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I have a question on live/practice drums

Discussion in 'Live Sound [BG]' started by slap-a-da-bass, Apr 20, 2011.


  1. slap-a-da-bass

    slap-a-da-bass

    Sep 28, 2009
    Thanks to those of you who have posted with my mixer volume/feedback issues...

    I've had off work this week, & have really been working on fine tunning my system. In my practice space, I've moved my mains up on stands & to one end of the room for vocal monitoring, I EQ'd them for the room & took out a few hot spots for feed back, Seems to be working really well. I also have a wedge monitor on the floor on the other end of the room for the drummer. For that monitor I used an EQ to take out the hot spots also. Pretty amazing, the monitor is 4' from the drummers mic & zero feed back, excellent!

    So on to today's problems. Our practice space is in my basement. The room is 12x24 8' ceilings, everything is drywall or brick. The room naturally has quite a bit of ring, and seems the target freq's are between 200 -3000. The highs really roll off in the room, & the mids are strong, so I EQ for this. As I'm tuning in the system, I come back to the same problem...drums. I've been testing today, I hit any of the heads with a quick snap, & it rings out for 4-5 sec, so when you couple this with the room & vocal mics picking this up, it's a huge problem. I've talked with my drummer a while back about tightening things up, & even bought him some moon gel. My question, is this common for a kit? does it need to be tunned? should something be stuffed in all the drums, just like the kick? Is it more room treatment? How about a barrier of treatment around the kit? If I was a drummer, I would want my hits to have a fast response, not something that gets mushy on the toms. On a side note, he used some of the moon gel, but it didn't really take care of the problem. His kit is pretty good, it's a good quality Pearl, double floor toms.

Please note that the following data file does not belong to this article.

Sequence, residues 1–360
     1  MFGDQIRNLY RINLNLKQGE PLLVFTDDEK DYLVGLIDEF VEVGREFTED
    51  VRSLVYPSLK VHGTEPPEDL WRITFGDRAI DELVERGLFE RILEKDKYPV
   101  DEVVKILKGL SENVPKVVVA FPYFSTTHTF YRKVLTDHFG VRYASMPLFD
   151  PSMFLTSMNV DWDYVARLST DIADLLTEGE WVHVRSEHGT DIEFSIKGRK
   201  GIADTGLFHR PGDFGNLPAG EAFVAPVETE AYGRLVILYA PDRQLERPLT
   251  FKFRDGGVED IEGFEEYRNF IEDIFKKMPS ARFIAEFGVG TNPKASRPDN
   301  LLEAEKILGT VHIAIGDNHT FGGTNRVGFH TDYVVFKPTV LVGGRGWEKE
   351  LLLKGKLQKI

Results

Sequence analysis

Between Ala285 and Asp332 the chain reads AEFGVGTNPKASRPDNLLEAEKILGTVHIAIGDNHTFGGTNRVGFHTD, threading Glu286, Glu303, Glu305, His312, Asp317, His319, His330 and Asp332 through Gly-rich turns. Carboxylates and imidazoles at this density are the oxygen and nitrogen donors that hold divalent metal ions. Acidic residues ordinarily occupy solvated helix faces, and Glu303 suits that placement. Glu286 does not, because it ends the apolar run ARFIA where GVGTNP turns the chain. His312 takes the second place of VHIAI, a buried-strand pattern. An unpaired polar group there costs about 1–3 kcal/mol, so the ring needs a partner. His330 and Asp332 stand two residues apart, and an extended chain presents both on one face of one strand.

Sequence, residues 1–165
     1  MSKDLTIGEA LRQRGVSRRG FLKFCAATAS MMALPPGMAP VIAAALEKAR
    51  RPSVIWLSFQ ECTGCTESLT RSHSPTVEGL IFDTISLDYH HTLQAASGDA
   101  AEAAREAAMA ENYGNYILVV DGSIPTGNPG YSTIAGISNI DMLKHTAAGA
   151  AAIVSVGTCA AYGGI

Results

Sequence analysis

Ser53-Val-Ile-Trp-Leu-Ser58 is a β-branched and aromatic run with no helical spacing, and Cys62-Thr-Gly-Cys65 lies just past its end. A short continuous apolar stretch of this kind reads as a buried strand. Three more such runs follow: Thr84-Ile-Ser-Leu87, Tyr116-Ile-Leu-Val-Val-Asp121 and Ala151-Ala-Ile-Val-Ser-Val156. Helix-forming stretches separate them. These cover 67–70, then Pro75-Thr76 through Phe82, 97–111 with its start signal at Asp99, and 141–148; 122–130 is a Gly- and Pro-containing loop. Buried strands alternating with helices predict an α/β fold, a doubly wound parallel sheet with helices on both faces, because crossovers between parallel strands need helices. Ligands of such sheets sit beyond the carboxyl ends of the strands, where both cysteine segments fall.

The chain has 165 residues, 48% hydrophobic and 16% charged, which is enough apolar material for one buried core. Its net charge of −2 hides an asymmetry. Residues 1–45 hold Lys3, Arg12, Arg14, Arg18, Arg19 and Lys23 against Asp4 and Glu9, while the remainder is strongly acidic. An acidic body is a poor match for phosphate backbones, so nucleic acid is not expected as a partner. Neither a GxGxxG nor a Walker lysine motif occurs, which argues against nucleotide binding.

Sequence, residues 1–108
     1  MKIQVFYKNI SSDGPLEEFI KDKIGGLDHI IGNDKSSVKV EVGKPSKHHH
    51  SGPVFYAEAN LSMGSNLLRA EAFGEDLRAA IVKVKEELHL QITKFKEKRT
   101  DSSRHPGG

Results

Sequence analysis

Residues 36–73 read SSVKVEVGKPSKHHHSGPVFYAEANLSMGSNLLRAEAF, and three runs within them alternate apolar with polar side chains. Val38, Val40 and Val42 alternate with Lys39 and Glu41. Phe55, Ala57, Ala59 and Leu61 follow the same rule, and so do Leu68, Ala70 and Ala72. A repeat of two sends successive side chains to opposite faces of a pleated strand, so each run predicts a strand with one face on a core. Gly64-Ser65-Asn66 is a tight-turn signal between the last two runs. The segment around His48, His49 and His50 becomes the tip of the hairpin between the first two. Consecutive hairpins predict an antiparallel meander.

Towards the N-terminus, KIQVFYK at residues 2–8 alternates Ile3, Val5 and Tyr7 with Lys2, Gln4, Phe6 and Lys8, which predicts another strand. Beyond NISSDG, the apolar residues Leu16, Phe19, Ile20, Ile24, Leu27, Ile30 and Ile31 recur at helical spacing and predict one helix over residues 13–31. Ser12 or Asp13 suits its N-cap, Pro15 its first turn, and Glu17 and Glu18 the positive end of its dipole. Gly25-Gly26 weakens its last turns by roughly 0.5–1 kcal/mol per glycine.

Thanks,
     
  2. WalterBush

    WalterBush

    Feb 27, 2005
    Yuma, Az
    Full disclosure, I'm a certified Fender technician working in a music store that carries Fender, Yamaha, and Ibanez products among others.
    Noise gates.

    The Presonus ACP88 does a great job of compressing and gating drumkits. Otherwise, your option is to not mike the kit, dampen the drums to the point they have no sustain, or detune them so that all you get is a thud. Drummers usually object to the last two options.
     
  3. slap-a-da-bass

    slap-a-da-bass

    Sep 28, 2009
    I didn't even get to the micing part yet, just accousticly in the room they ring out. Even when the drums are not in use, the vocal monitor output is enough the get the toms rattling, then that signal gets back into the drummers vocal mic, & it just sounds terrible. As I'm typing this, it just hit me about the gate, it would help ignore low signal on that vocal mic, correct?
     
  4. StuartV

    StuartV Finally figuring out what I really like Supporting Member

    Jul 27, 2006
    Manassas, VA
    My practice room is much smaller than you're talking about. I tune my drums for the strongest fundamental and sustain. I don't have this problem. My floor is carpet and the walls and ceiling are drywall, though. And I don't (currently) have a vocal mic for myself when I'm drumming.

    I do use Moon gels on all my drums (except the kick), but they don't really do much to the fundamental or the sustain. They just eliminate the higher-pitched ringing overtones. I use half a piece of gel on each of the high toms and a full piece on the two floor toms.

    Do you have your vocal mics set up where the mics are pointed towards the drum kit (i.e. the singers' backs are to the drummer) when you're practicing. I would think not, but if so, change that! Have everybody facing each other.

    If the vocal mics are pointed away from the drum kit and they're still picking up that much bleed from the drums, I would try several things. One, turn down the input gain on the vocals mics and tell the singers to get closer to the mics and/or sing with some balls. Two, possibly try some wall treatments. Either baffles in the corners nearest/behind the drum kit, some kind of tapestry or carpet on the wall behind the drum kit, and/or either of those things on the wall opposite the drums (i.e. the wall that the vocal mics are pointed at).